One last thing: The Constitution makes no mention of political parties anywhere in the document; indeed, many of the nation's founders denounced "factions" in their writings. However, various laws have been passed (especially during the 20th century) that have given them official powers. Many of them are designed to make it very hard for a third party to acquire any real influence. Political parties are considered "private" organizations who just happen to be given government power in a number of ways. Since they are not "officially" part of the government, they are not required to adhere to the general principles of "the will of the people" or such. Understanding this will help in the next chapter on Primaries.

The majority of elections for office are a competition between two major candidates, one Republican and one Democrat. How each party picks their candidate is totally up to them (except in the few states that use "jungle" primary rules — notably Louisiana, California, and Washington. In "jungle" primaries, candidates from all parties run against each other in a general election, and if no candidate achieves a majority, the top two contenders face each other in a run-off. California and Washington primaries use the top-two variant: even if one candidate receives more than 50 percent of the vote, the top two candidates move on to the runoff.) Every state has laws which regulate this practice, but the parties themselves write the laws, so they can choose whatever they want.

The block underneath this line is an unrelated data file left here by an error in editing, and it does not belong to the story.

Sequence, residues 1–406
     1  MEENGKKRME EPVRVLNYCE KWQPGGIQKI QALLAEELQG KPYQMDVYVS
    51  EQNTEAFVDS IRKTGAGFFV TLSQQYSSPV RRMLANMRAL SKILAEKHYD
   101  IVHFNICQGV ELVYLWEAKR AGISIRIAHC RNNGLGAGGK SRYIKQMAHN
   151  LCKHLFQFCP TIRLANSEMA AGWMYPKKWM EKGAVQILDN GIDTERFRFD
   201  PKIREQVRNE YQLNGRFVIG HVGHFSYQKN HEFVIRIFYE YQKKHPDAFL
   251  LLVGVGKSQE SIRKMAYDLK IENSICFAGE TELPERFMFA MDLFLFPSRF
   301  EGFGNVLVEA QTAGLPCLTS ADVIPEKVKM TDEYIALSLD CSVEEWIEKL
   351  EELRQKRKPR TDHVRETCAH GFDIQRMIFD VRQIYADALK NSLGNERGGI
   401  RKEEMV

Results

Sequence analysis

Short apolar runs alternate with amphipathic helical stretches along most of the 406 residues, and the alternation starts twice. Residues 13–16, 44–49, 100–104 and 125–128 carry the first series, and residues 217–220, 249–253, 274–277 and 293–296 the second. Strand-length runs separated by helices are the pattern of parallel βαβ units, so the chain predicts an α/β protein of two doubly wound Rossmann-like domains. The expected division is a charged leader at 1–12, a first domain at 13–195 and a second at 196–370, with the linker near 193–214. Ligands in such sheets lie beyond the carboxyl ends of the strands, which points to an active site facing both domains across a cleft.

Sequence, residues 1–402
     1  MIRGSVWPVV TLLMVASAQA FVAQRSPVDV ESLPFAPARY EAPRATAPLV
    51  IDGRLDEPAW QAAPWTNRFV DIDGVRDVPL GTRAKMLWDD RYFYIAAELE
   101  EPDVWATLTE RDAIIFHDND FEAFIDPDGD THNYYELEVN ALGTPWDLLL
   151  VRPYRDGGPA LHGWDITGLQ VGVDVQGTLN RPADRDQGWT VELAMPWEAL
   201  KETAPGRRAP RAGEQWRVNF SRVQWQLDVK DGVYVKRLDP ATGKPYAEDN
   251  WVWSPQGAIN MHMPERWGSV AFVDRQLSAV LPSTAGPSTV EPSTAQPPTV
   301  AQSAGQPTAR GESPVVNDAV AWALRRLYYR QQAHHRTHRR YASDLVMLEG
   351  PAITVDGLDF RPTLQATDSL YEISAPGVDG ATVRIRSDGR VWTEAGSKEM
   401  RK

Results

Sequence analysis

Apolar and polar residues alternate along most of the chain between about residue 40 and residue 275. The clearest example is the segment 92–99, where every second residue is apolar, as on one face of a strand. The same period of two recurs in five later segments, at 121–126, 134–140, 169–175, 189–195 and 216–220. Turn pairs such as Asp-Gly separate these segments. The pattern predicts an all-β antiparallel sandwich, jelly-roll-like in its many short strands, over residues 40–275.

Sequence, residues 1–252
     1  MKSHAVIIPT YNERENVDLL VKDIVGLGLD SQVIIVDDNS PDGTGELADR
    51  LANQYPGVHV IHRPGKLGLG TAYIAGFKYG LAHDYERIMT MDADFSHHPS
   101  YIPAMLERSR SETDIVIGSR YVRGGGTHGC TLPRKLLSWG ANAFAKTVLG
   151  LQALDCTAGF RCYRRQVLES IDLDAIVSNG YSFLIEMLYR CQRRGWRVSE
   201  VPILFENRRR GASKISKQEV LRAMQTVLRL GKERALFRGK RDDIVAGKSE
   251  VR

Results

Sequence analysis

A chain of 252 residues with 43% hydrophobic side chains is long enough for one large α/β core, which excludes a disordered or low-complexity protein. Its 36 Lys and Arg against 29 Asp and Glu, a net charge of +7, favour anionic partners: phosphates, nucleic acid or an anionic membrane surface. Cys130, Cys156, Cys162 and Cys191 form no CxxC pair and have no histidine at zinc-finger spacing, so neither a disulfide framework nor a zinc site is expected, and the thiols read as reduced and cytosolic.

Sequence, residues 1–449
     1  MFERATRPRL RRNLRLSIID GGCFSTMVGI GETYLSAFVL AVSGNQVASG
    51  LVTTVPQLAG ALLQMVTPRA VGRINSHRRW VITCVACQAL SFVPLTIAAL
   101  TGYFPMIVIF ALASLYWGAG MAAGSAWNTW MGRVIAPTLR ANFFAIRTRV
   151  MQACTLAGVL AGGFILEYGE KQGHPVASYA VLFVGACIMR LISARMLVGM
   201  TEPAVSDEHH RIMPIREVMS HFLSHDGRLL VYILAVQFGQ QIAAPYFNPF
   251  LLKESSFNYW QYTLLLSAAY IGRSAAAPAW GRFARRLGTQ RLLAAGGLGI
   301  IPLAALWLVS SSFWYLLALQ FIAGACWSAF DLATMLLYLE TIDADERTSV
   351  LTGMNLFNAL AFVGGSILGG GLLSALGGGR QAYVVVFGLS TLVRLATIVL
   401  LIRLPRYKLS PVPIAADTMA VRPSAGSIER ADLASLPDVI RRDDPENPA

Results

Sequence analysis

For example, the Democratic Party had a primary election in 2008 to choose their candidate for president, of whom Barack Obama and Hillary Rodham Clinton were the last two hopefuls standing. One might think that the party would simply have all members vote for who they want and which ever one gets the most votes would win. This is not how it works. The unelected leaders of the Democratic Party can choose any method they want to decide who their candidate is. The current method involves having the vote of the members choose most of the "delegates" (who themselves are chosen by the party), while the remaining delegates are high-ranking party members ("superdelegates"). Depending on state law and state party rules, the delegates who were voted for might or might not be required to support the candidate they were elected to.note